Looking Ahead: 2024

Looking Ahead: 2024

TREND REPORT
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When NationSwell surveyed corporate social impact and sustainability executives in July 2023, nearly 7 out of 10 said they’re anticipating a challenging year in 2024. Since then, we’ve witnessed an intensifying wave of anti-DEIB activism, read the dire warnings conveyed in the UNFCCC’s first Global Stocktake, and felt the surge of collective anxiety around the coming elections in the U.S. and around the world. At the same time, powerful examples of collective action, new and transformational technologies, and the continued resolve of purpose-driven leaders demand our attention and urge optimism into the picture.

At NationSwell, we too are resolved. We are resolved to support our membership community, partners, and concerned public in advancing progress on the issues that we believe matter most in the year ahead.

To ground our collective efforts, we have prepared this 2024 look ahead with four goals in mind:

  • To orient organizations, leaders, and their teams to the issues and trends that we see mattering most in 2024, supported by detailed evidence
  • To provide line of sight into the predictions and forecasts of experts steeped in those issues
  • To support scenario planning around a range of inevitabilities and possibilities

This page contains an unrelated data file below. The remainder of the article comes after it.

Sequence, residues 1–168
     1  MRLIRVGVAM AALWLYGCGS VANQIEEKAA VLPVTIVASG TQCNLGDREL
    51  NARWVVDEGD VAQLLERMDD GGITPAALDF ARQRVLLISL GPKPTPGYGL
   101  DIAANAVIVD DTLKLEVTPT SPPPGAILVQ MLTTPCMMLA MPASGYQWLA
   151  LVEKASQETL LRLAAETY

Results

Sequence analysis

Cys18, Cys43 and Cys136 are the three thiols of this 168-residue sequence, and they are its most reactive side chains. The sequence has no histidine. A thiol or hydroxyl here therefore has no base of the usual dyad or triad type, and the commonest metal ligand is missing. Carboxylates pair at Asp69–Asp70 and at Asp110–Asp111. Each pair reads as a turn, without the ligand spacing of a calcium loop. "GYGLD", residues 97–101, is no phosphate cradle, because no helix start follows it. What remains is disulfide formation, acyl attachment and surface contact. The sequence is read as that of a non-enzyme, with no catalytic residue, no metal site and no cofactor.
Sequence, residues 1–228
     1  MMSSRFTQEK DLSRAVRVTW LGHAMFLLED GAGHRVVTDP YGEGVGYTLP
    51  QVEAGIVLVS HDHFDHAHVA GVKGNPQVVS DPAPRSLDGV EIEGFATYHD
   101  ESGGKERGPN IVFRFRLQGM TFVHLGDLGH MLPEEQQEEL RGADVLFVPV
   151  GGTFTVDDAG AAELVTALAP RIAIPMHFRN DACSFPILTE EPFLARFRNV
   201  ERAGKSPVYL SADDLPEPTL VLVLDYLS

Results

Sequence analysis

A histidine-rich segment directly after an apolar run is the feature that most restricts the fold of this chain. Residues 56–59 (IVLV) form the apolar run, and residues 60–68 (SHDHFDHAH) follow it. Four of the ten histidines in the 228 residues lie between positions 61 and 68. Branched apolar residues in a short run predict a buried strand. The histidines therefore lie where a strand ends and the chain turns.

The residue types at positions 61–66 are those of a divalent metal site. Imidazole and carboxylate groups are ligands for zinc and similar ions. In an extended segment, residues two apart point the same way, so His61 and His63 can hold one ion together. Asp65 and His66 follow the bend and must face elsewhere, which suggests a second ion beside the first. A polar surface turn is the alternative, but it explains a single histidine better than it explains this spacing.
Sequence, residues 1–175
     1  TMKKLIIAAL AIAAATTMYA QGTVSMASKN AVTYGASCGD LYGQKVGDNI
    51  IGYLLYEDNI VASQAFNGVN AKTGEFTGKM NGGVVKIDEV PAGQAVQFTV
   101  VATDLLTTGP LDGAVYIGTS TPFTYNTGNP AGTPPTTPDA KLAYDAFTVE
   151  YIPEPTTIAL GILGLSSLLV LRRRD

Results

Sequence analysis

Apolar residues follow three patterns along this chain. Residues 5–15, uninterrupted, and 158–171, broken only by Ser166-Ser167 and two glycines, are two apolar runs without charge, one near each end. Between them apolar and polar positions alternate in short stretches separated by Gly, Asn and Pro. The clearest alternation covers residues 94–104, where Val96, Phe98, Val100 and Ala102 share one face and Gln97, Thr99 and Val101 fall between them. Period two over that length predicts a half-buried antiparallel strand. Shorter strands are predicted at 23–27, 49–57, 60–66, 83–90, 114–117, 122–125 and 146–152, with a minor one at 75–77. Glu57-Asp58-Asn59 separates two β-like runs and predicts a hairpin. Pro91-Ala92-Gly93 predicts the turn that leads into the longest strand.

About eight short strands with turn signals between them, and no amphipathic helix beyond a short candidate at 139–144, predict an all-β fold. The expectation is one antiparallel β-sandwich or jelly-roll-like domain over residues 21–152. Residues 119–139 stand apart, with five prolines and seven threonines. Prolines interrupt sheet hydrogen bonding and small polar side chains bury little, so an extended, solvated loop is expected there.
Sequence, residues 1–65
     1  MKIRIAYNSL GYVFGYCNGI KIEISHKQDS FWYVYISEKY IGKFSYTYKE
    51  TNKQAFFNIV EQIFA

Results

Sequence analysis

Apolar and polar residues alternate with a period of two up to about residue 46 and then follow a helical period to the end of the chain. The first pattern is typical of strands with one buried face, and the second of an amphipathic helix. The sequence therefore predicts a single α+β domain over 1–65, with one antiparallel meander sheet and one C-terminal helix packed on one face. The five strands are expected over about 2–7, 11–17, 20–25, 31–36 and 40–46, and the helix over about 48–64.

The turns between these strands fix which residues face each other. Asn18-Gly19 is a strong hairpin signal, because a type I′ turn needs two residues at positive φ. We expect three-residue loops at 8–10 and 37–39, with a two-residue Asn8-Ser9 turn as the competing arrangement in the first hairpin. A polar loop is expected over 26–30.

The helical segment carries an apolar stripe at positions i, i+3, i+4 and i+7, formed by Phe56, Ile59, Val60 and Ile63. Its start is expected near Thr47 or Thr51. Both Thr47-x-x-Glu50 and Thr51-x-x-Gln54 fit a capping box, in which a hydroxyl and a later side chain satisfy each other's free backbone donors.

• To voice our calls to action for the field and for ourselves

Our look ahead focuses on 6 major topics that NationSwell anticipates being central to the work of purpose-driven leaders and organizations in 2024:

  • Artificial intelligence
  • Climate progress
  • Democracy and civic engagement
  • Diversity, Equity, Inclusion, Belonging (DEIB) and economic opportunity
  • The employee-employer compact
  • The social impact and sustainability profession

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2023 Private Sector Social Impact and Sustainability Leadership Survey

2023 Private Sector Social Impact and Sustainability Leadership Survey

2023 brought social impact and sustainability work further into the social, political, and organizational spotlight, and presented leaders with distinct, long-term considerations for their work. Leaders encountered large-scale, composite challenges: the escalation of the anti-ESG movement; the Supreme Court’s ruling against affirmative action and its subsequent implications for diversity, equity, inclusion, and belonging (DEIB); the effects of an increasingly restrictive macroeconomic environment on teams and priorities; and the intensification of regulatory requirements. At the same time, social impact work has matured and deepened, with leaders investing heavily in employee engagement, leaning in on sustainability strategies, cautiously adopting AI, and empowering communities through trust-based and place-based work.